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Just use your common sense and create your own diet. Tomorrow, eat only potato. Maybe do it for two days. Feel okay? Then on the third day add hamburger. After 4 days, if you feel okay, add eggs. Feel sick suddenly? Then stop eating the eggs. Continue adding foods like this. And only add none processed, no preservative, no additive foods. If you were to add in Rice Chex on Day 6 and suddenly get sick then who in the world can say for sure which ingredient made you sick? You'll just end up speculating about this or that ingredient, or whether it contained gluten. Stick to fresh fruit, fresh vegetables, meat, and potato initially. Do not drink anything else but water for two weeks. Nobody ever needed tea, sprite or coffee to survive.

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I would add that nightshades are problems for many here, so be wary when eating them,

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Here in Australia there is a very thorough elimination diet developed by the allergy unti at the RPA (Royal prince alfred hospital). It is extrememly thorough. There is a handbook for the diet, but not sure how much online. You can search failsafe diet i think which has food listings for Australia, or RPA elimination diet.

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Are you sure that you are strictly gluten free? You could try a no grain, no processed food diet and see what happens.

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I tell people if I can pick it, peel it, steam it or grill it chances are I can eat it.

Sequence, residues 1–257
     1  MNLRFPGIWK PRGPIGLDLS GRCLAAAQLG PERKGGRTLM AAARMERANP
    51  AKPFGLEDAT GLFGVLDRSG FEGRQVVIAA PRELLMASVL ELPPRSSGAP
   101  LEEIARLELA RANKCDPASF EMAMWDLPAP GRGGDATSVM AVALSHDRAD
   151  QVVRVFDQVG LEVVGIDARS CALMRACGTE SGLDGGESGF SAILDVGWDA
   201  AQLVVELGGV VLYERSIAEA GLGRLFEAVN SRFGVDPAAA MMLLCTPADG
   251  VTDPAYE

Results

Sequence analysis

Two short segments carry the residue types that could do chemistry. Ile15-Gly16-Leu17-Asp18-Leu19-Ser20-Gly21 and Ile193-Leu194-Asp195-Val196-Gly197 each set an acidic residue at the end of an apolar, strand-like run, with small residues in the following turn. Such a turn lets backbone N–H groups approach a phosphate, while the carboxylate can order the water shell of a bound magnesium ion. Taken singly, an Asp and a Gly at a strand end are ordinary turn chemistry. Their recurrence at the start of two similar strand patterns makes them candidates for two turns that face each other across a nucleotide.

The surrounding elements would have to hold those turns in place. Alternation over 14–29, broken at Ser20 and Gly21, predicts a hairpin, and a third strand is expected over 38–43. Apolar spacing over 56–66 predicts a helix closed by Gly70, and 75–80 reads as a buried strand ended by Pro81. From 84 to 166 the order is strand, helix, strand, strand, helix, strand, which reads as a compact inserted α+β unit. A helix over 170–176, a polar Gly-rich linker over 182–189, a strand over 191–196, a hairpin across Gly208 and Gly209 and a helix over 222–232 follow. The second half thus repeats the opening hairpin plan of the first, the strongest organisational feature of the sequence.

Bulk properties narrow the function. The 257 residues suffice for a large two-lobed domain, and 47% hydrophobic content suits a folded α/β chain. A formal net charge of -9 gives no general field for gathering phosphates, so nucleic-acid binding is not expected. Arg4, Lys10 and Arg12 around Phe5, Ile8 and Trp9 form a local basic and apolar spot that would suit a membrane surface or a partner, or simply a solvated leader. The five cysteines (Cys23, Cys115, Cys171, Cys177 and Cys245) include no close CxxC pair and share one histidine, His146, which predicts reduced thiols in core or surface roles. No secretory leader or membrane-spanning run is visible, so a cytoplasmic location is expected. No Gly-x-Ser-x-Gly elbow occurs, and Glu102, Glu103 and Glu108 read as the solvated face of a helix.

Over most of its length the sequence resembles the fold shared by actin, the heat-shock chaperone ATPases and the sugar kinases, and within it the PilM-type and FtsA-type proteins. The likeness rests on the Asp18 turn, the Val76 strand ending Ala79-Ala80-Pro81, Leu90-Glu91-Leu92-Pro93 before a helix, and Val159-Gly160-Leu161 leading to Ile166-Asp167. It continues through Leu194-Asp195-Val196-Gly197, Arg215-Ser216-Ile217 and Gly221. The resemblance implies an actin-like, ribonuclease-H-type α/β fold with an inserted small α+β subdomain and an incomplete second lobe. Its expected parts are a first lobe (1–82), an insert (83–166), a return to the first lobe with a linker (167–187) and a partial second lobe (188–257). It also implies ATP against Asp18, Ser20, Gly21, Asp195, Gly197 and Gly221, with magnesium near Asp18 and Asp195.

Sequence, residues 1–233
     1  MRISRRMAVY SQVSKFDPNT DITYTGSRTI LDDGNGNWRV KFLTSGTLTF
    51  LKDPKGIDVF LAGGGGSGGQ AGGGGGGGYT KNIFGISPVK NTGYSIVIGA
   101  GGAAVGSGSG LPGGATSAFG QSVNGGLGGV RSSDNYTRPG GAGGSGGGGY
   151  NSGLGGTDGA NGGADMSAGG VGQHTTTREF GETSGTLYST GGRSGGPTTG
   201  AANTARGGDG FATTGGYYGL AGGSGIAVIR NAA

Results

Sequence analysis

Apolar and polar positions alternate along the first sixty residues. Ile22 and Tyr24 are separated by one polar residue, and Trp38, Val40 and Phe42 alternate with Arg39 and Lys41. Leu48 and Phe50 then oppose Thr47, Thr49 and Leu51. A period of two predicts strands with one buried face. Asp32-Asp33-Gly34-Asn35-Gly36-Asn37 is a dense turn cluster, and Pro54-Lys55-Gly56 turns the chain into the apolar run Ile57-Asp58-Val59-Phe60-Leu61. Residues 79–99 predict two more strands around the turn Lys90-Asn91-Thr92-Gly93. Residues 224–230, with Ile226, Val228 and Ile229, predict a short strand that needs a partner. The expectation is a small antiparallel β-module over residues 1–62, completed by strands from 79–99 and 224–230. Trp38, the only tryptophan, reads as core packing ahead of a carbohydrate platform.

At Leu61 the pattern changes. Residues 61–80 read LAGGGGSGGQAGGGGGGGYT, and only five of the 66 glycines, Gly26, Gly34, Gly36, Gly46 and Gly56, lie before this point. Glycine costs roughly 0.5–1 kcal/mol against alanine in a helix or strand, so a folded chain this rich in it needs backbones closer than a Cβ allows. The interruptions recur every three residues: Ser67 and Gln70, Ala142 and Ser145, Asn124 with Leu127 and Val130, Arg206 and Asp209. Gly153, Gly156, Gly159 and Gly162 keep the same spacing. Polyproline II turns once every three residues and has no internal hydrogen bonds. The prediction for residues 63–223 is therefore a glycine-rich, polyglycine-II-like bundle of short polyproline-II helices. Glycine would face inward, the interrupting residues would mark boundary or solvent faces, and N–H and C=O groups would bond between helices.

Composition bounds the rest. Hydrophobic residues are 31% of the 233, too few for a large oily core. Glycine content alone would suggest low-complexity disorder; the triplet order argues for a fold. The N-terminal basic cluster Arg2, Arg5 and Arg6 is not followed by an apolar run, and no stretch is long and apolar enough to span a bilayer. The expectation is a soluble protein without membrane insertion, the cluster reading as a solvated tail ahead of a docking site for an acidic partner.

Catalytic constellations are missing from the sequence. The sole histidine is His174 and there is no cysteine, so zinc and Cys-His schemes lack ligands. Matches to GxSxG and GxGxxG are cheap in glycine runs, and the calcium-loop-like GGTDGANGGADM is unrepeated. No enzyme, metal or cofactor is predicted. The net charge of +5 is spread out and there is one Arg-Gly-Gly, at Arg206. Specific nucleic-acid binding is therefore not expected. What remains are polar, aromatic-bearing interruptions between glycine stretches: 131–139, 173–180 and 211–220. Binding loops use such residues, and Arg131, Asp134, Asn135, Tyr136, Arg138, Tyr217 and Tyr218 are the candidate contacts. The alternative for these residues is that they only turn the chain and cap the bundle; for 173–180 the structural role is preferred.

Great motto! Do you marinate your food? How about salt and pepper?

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I am reading abook that I've found to be helpful. Food Allergies and Intolerances by Jonathan Brostoff M.D. and Linda Gamlin.

Thanks for the book suggestion. I'll check my library.

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There's a very simple elimination diet that starts with lamb and pears. If you live in the US, these two items are rarely eaten, or at least more rare than say beef and apples. You start with the lamb and pears and continue eating just those two things until you feel pretty good. Then you add one thing for a week. If you're well for that week, you add another the next week, and so on. It's a tremendously slow process and requires some nutritional supervision, as you're not going to get complete nutrition from such a restrictive diet. But as long as you rigidly adhere to the diet, you should find all of your intolerances. It's very close to what GFtraveling dude describes and is mentioned in the book Missy's mom suggested.